Gap in state law keeps massage sex abuse allegations under wraps

SEATTLE -- They are supposed to be moments of pure relaxation and bliss. But for more than four dozen people in Washington, massages have become moments of abuse.

“It's always shocking when something like this happens,” said Veronica Craker with the Better Business Bureau.

Q13 News searched through records and found that 56 licensed massage therapists have been sanctioned or had their licenses pulled after credible claims of sexual wrongdoing over the past five years.

Some have come from big chains like Massage Envy after an expose’ in Buzzfeed News. Others have come from online dealers like Groupon.

Craker says that's a big flag.

“Don't assume that those companies are researching and vetting the companies. Even if they are operating a deal, don't assume they know everything about that business,” she said.

We reached out to Groupon and haven't heard back about their process to check licenses of their sellers.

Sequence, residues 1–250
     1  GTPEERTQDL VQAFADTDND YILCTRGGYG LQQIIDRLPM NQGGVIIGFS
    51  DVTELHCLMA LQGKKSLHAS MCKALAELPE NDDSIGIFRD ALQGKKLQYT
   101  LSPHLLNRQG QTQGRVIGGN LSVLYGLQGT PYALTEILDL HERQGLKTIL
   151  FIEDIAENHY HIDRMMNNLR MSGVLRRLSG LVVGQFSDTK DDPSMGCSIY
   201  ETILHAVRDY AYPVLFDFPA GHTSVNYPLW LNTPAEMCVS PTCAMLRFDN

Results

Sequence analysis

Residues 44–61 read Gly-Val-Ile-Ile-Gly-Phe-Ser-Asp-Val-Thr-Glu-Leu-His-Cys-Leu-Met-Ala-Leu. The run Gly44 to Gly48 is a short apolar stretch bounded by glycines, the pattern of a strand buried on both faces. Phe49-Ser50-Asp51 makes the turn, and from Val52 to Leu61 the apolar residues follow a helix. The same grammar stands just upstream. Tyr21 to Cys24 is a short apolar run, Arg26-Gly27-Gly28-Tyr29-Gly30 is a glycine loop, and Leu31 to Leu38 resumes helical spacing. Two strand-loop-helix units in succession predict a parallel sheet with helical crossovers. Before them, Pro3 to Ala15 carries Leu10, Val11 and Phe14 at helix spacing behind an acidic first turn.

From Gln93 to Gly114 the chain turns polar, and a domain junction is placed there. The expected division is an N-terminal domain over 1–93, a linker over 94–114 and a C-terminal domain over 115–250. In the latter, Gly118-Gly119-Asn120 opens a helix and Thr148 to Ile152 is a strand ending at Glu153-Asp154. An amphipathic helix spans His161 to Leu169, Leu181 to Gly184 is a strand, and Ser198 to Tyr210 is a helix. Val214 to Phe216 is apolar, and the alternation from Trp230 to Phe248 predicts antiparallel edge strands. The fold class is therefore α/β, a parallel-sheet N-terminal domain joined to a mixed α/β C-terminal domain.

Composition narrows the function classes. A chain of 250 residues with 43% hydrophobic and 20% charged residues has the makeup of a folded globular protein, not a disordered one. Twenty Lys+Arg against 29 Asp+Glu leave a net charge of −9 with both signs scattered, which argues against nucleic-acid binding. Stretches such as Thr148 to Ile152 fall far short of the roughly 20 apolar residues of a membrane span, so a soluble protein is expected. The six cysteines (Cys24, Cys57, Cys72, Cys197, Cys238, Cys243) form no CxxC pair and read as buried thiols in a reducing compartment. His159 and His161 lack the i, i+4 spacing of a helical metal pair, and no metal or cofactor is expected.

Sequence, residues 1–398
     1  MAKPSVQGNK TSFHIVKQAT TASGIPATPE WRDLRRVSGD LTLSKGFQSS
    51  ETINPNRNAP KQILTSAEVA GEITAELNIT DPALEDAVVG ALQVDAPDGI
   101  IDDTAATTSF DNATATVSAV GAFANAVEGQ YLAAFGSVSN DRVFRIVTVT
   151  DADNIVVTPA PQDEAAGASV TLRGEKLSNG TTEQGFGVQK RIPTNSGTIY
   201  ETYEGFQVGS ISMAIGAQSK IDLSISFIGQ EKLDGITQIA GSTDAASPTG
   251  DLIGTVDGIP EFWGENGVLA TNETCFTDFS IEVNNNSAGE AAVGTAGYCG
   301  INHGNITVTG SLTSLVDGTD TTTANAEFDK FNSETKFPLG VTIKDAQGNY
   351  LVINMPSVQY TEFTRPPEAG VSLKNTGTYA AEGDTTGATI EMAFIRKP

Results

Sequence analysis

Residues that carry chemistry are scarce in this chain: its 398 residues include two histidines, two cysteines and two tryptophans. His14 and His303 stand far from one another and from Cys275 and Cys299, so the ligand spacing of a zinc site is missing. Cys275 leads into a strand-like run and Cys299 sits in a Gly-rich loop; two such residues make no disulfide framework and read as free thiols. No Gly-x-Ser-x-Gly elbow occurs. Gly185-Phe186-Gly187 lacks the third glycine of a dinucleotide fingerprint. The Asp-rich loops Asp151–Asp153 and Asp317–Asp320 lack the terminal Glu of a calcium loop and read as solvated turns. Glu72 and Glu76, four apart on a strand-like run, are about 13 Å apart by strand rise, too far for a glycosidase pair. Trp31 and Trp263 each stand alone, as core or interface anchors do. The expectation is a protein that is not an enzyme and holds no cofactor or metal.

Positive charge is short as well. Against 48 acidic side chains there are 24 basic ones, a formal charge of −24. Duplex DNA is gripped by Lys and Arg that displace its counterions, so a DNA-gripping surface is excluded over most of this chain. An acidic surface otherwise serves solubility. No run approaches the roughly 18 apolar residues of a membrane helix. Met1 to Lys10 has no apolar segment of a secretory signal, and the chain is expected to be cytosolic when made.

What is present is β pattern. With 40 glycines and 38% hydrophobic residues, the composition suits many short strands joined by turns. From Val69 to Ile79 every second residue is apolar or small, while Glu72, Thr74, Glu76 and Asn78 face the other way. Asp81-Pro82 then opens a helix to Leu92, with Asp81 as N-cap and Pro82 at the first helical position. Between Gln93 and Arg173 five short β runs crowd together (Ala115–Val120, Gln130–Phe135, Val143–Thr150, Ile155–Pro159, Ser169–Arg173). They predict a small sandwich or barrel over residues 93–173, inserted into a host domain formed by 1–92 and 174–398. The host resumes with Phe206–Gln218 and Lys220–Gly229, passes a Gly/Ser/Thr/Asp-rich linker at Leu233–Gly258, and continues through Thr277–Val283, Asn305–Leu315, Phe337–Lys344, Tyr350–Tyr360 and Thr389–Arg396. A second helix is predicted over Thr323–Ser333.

We've learned that in Washington, state law does not require massage business to tell the Department of Health if there have been complaints—only if the masseuse has been fired.

That's a gap in the law that Craker says relies on hope rather than a requirement.

“That they would come forward. That they would investigate and reach out to law enforcement as well and unfortunately that's not always what happens,” she said.

So what about people who aren't with companies, like independent contractors?

They need licenses, too.

The DOH website has a powerful database to look up any name or business--and that includes massage.

If you want to be safe, you can look up the name of your masseuse or their company to see if they have a license and to see if there have been complaints.

“Shoppers do more research into what restaurant they're going to go to sometimes than who they're going to bring into their home and things like that,” Craker said.

Click on this link to do your own search.